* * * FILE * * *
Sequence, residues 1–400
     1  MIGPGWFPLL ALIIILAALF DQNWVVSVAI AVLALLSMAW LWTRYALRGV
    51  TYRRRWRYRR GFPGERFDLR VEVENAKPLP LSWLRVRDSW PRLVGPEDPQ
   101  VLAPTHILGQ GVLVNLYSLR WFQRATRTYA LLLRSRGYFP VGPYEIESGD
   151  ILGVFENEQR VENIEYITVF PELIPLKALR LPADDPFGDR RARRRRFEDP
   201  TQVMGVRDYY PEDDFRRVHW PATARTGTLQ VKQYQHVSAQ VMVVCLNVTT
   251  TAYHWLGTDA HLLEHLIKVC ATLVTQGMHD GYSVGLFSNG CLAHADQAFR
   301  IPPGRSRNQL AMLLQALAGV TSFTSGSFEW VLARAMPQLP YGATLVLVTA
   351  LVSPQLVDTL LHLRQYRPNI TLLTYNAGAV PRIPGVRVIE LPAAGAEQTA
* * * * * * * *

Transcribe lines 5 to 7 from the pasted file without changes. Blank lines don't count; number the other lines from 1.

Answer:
   151  ILGVFENEQR VENIEYITVF PELIPLKALR LPADDPFGDR RARRRRFEDP
   201  TQVMGVRDYY PEDDFRRVHW PATARTGTLQ VKQYQHVSAQ VMVVCLNVTT
   251  TAYHWLGTDA HLLEHLIKVC ATLVTQGMHD GYSVGLFSNG CLAHADQAFR